[Image: the tale of Pinocchio - as he lied, his nose grew longer]
The moral of the fairy tale is that referrals are the mark of a good business.
Do good work, your clients will be happy, they will tell other people, and they too will become your clients. And you’ll all live happily ever after.
But there are plenty of finance professionals who do a good job. And for most, referrals are at best erratic. Haphazard, and a tenuous platform on which to build a business.
In fact, they are often a source of frustration.
Newcastle, my home town, is littered with joint venture referral agreements between businesses. That cost more money in legal fees than the revenue they generated. It’s much the same everywhere else.
» Good work doesn’t mean happy clients.
- Many can’t evaluate whether your service is good or not.
I got a tax return; my accountant must be good. Would another accountant have you paying less tax during the year? Could you have got more?
I have a financial plan and am on track. But ….
- It’s expected. I’m paying you to do a good job. So what.
- And for other clients they are not even connected to the outcomes you create.
» Misery is shared, happiness is personal.
- Do something wrong and clients tell the world.
- Do something good and people are happy, for a fleeting moment. Even then it does not mean they will tell others.
The fallacy of net promoter scores
It’s why net promoter scores are a feel-good placebo. The latent good will identified at the end of a carefully worded and structured survey is self-fulfilling.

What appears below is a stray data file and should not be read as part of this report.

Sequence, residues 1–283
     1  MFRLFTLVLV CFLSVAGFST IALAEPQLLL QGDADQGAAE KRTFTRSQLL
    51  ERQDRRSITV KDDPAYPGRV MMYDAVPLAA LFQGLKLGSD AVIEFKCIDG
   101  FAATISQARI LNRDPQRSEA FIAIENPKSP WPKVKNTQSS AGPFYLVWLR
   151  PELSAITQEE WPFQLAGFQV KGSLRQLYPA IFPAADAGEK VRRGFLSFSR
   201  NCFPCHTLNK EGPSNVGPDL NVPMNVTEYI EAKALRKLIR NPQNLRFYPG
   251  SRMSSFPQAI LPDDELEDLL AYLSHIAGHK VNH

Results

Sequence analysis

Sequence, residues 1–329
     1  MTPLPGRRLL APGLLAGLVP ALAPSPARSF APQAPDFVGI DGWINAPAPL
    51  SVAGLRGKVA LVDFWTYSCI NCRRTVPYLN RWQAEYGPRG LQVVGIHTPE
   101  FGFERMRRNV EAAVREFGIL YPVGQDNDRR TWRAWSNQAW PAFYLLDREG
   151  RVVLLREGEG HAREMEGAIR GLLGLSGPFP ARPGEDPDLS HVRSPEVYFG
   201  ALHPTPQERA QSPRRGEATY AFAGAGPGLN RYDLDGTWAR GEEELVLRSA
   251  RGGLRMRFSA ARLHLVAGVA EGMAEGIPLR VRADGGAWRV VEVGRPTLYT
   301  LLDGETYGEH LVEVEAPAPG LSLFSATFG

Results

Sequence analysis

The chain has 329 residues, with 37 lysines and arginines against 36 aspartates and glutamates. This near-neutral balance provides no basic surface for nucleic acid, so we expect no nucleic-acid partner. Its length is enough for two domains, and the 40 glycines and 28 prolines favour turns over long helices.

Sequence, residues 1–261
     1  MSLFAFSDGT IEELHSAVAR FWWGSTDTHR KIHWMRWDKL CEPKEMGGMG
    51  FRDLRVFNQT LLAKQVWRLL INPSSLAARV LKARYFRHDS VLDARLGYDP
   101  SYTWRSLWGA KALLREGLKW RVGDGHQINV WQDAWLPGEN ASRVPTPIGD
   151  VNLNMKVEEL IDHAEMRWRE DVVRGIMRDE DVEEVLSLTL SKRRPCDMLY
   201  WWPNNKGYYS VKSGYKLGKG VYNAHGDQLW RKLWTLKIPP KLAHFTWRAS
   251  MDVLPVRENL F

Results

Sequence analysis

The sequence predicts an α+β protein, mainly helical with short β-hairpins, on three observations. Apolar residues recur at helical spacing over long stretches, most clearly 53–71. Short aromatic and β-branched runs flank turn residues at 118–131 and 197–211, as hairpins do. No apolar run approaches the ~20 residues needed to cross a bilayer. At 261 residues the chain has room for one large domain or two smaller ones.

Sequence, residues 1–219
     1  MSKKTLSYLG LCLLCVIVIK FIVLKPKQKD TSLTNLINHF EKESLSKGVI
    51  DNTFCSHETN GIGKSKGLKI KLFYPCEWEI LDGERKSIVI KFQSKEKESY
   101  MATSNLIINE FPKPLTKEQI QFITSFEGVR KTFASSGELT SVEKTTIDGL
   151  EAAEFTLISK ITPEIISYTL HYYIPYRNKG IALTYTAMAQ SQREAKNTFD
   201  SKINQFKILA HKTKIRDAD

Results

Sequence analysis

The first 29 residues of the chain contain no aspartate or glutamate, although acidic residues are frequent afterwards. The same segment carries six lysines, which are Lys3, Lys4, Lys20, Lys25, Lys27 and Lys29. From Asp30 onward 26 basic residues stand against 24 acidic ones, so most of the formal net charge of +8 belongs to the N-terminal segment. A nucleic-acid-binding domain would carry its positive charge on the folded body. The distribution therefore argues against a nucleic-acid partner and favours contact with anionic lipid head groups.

Of course, people are going to say yes.
It does not mean they will refer. People are self-absorbed, lost in their own world and dramas. Clients might mention your service if asked who they use. But the idea that they actively promote it is fantastical.
Most of your clients or professional colleagues are not active promoters of someone else’s business.
Referrals - the cocaine of the business world
Referrals are great. Their conferred trust bypasses much of the initial selling process. Their conversion rates can be upwards of 90%.
Dangerously though, they reinforce the ego of the recipient.
I must be good at my job… and so the fairy tale loops again. No wonder they are so addictive.
Because we all want to believe that we are good at what we do. And the implied recognition of a referral is a huge dopamine hit.
Besides, it means less work in having to generate new business.
But success is not haphazard
There are businesses that do enjoy regular inflows of referrals. Dig deeper though and you’ll find someone investing a lot of time and energy into relationship building. Continuously, strategically, and over a long period of time. Because once the investment stops, memories fade.
Others have referrals built into their standard business practice. So that it becomes embedded into their processes, and those of their referrers. They become sustainable over a long period of time.
To find out how -
simply email Alex Meijnen on email@example.com and we’ll send you a “how to” that builds effective referral habits into your business.